Danielle: Oh man, warning label design. So I was a risk perception and safety person, and my dissertation was about how to design warning labels for over the counter directives so how do you warn somebody to do something that they really really want to do you want to read it.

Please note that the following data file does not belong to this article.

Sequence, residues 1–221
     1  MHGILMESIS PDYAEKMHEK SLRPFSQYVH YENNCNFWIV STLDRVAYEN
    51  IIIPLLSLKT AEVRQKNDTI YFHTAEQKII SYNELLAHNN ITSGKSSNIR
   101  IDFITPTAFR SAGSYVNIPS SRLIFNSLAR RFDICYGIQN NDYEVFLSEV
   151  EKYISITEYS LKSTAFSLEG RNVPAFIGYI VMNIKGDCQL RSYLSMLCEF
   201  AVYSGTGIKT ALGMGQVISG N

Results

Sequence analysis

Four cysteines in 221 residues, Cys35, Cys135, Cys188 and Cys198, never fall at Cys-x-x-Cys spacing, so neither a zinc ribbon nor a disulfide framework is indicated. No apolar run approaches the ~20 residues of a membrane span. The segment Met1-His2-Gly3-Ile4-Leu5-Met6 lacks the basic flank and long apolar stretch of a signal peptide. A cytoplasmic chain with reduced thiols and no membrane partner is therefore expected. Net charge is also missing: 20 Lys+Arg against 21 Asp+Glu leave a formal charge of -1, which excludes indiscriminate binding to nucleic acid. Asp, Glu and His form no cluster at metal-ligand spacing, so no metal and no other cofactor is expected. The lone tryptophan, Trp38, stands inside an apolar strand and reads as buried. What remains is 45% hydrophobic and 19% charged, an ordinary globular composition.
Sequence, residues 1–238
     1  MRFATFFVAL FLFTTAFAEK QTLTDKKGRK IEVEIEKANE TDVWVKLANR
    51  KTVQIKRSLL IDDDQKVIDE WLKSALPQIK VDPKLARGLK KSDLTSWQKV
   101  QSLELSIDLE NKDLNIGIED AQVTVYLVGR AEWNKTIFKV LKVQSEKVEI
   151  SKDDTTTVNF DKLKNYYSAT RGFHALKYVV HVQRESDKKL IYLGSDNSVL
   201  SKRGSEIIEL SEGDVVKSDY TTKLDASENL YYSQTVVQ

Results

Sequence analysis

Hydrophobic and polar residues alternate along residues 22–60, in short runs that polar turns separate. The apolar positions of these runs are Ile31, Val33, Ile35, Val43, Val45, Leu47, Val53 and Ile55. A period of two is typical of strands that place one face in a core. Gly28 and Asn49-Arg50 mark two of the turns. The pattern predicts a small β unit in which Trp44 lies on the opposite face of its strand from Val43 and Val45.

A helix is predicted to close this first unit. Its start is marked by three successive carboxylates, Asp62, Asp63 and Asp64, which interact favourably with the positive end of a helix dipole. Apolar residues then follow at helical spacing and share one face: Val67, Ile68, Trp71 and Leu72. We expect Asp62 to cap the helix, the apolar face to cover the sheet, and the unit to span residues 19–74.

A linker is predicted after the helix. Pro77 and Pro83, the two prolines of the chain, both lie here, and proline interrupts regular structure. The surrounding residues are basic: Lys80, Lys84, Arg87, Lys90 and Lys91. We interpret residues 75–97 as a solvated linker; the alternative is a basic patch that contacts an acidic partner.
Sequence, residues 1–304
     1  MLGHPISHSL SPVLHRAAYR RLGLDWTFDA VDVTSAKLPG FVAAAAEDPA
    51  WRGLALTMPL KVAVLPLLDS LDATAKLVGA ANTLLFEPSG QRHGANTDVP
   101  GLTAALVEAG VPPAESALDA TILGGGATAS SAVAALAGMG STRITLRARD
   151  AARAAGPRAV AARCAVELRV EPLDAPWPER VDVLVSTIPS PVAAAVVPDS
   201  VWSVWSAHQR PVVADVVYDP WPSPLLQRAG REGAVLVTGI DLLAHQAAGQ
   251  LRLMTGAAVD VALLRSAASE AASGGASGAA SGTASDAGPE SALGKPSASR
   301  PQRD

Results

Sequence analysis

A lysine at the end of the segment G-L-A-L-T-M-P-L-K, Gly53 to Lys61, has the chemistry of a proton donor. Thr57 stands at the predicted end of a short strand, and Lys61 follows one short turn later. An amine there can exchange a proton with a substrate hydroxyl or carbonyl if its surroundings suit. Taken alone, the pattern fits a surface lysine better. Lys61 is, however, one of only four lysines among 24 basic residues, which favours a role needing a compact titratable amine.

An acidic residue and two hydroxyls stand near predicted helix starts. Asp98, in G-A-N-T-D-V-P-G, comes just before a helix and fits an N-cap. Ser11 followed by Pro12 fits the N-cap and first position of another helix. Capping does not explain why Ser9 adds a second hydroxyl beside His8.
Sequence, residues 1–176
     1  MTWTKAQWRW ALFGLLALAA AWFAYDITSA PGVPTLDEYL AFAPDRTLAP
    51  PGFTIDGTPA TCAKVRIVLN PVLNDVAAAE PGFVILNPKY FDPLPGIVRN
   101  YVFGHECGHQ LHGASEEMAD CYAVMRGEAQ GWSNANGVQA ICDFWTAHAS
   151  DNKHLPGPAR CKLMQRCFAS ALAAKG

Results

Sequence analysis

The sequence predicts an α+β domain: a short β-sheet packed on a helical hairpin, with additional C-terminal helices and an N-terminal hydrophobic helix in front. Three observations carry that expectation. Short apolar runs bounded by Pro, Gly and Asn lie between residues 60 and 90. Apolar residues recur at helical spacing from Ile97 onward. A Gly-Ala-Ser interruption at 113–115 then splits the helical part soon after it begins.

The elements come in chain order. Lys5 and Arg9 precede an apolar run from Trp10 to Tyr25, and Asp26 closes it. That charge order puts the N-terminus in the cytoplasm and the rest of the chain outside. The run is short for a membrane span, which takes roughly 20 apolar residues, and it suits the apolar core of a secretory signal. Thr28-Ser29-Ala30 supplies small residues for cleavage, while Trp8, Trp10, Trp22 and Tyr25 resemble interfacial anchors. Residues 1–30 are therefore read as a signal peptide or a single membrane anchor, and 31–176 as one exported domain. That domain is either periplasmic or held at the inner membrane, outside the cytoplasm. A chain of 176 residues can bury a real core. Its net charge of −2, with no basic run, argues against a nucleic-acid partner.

Steve: I mean, so from this period that you’re describing the different programs and the different, different disciplines that you are discovering and maybe these internships, do you feel like any events, maybe not in the literal sense but you feel like any of that is present in the work that you’re doing now.